Over the past week, an average of 491 Americans have died of COVID each day, according to data compiled by The New York Times. The week before, the number was 382. The week before that, 494. And so on.
For the past five months or so, the United States has trod along something of a COVID-death plateau. This is good in the sense that after two years of breakneck spikes and plummets, the past five months are the longest we’ve gone without a major surge in deaths since the pandemic’s beginning, and the current numbers are far below last winter’s Omicron highs. (Case counts and hospital admissions have continued to fluctuate but, thanks in large part to the protection against severe disease conferred by vaccines and antivirals, they have mostly decoupled from ICU admissions and deaths; the curve, at long last, is flat.) But though daily mortality numbers have stopped rising, they’ve also stopped falling. Nearly 3,000 people are still dying every week.
We could remain on this plateau for some time yet. Lauren Ancel Meyers, the director of the University of Texas at Austin’s COVID-19 Modeling Consortium, told me that as long as a dangerous new variant doesn’t emerge (in which case these projections would go out the window), we could see only a slight bump in deaths this fall and winter, when cases are likely to surge, but probably—or at least hopefully—nothing too drastic. In all likelihood, though, deaths won’t dip much below their present levels until early 2023, with the remission of a winter surge and the additional immunity that surge should confer. In the most optimistic scenarios that Meyers has modeled, deaths could at that point get as low as half their current level. Perhaps a tad lower.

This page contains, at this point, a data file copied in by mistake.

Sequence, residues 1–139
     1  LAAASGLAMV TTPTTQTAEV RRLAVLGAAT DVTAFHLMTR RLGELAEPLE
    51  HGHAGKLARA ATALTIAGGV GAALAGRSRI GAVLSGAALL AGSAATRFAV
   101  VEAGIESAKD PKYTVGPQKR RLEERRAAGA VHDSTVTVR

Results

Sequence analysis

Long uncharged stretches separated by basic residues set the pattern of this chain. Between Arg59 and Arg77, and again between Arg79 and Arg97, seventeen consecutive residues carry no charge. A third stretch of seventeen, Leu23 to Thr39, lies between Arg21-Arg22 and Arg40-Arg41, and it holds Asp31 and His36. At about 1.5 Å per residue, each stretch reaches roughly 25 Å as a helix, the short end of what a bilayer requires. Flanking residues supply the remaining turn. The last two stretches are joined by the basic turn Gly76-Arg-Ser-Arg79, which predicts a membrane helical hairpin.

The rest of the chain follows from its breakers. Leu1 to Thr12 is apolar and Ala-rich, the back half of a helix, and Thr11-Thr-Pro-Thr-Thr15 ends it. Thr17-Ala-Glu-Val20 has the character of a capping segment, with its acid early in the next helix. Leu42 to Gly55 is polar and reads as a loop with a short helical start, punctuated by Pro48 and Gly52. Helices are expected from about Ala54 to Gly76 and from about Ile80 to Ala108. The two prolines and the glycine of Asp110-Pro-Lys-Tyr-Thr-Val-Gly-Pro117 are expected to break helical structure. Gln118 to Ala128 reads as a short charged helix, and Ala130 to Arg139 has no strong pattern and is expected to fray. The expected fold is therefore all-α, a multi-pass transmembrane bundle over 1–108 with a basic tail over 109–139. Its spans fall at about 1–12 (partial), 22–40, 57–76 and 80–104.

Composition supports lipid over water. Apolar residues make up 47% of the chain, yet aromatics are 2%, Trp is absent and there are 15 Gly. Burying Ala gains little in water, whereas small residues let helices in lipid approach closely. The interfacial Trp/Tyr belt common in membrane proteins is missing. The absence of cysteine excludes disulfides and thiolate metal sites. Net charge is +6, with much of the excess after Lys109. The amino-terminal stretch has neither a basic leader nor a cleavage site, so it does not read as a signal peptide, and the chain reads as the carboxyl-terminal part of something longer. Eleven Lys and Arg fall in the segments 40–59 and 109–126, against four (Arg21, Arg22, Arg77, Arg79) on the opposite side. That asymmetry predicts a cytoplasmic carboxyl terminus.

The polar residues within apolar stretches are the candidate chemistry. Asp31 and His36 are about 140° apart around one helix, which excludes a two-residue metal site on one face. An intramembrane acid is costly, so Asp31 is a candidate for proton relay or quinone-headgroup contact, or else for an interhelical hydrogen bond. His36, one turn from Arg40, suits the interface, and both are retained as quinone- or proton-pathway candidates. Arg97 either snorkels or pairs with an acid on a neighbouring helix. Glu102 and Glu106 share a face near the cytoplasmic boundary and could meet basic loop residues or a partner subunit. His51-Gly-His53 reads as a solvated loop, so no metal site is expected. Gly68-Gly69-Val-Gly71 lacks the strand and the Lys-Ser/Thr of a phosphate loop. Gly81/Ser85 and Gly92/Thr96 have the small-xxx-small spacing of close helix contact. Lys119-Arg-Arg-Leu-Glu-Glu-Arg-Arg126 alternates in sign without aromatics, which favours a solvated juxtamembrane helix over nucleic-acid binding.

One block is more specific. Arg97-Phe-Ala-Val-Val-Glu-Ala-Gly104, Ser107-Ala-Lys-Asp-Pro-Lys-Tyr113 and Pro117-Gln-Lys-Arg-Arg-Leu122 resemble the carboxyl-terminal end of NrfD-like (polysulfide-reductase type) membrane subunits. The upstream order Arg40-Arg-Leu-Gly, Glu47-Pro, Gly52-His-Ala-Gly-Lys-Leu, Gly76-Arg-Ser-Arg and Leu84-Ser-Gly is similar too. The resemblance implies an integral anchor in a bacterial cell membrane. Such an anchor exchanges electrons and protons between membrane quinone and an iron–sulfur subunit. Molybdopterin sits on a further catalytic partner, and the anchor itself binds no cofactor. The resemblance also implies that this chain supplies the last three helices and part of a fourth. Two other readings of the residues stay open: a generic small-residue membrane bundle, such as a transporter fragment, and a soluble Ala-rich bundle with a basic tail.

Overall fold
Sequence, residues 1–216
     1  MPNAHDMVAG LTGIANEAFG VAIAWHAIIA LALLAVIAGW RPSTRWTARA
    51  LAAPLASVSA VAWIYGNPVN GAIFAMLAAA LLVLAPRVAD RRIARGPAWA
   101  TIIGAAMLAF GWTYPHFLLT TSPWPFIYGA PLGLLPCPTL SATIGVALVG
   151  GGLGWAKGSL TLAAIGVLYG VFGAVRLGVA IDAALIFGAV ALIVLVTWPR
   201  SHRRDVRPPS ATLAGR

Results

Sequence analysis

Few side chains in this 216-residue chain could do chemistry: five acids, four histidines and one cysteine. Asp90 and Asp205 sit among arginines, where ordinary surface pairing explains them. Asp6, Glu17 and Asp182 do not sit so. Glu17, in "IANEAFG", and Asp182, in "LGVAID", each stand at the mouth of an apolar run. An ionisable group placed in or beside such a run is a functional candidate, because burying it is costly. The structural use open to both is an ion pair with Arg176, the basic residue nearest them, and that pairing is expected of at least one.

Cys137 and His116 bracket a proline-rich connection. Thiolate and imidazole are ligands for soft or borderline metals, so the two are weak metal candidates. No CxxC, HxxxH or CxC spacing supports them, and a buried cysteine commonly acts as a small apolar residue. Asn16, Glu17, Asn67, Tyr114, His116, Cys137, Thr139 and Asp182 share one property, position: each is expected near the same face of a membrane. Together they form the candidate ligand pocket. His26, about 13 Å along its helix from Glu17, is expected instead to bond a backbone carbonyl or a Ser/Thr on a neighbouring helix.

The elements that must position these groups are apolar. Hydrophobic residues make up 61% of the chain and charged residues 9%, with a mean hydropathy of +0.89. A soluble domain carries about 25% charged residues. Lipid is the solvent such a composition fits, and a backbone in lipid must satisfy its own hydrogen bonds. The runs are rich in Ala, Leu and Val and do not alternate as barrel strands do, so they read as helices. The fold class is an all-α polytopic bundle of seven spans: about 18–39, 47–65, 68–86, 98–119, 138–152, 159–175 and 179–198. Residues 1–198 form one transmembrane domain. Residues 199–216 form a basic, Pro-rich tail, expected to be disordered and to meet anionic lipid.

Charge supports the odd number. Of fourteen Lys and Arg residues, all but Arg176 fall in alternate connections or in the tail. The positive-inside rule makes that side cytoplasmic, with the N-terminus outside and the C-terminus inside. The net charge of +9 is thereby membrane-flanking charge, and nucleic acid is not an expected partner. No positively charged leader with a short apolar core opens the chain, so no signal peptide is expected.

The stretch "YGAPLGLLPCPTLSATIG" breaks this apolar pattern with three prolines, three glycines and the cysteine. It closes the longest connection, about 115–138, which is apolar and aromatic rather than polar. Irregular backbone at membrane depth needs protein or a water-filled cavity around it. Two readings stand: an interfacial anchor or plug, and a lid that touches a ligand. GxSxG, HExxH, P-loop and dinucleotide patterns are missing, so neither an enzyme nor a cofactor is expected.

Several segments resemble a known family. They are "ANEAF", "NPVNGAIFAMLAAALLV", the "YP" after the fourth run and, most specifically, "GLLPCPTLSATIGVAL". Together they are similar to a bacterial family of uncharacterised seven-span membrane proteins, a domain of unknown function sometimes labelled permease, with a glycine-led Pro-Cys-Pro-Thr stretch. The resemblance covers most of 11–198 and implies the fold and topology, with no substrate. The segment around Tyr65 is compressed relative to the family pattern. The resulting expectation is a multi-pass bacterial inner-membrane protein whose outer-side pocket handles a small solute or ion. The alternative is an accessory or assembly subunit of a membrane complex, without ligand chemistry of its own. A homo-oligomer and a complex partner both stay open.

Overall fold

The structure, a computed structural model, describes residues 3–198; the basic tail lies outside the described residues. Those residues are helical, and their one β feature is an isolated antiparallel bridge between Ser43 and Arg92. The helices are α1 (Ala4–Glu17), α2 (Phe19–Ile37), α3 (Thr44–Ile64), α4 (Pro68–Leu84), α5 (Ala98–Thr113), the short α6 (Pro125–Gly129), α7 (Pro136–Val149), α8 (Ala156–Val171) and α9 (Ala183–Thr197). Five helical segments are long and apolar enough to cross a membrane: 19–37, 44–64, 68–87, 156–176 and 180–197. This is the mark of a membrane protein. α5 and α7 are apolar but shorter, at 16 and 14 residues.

[Read: How did this many deaths become normal?]
By any measure, that is still a lot of people dying every day. No one can say with any certainty what 2023 might have in store, but as a reference point, 200 deaths daily would translate to 73,000 deaths over the year. COVID would remain a top-10 leading cause of death in America, in this scenario roughly twice as deadly as either the average flu season or a year’s worth of motor-vehicle crashes.
COVID deaths persist in part because we let them. America has largely decided to be done with the pandemic, even though the pandemic stubbornly refuses to be done with America. The country has lifted nearly all of its pandemic restrictions, and emergency pandemic funding has been drying up. For the most part, people have settled into whatever level of caution or disregard suits them. A Pew Research survey from May found that COVID did not even crack Americans’ list of the top 10 issues facing the country. Only 19 percent said that they consider it a big problem, and it’s hard to imagine that number has gone anywhere but down in the months since. COVID deaths have shifted from an emergency to the accepted collateral damage of the American way of life. Background noise.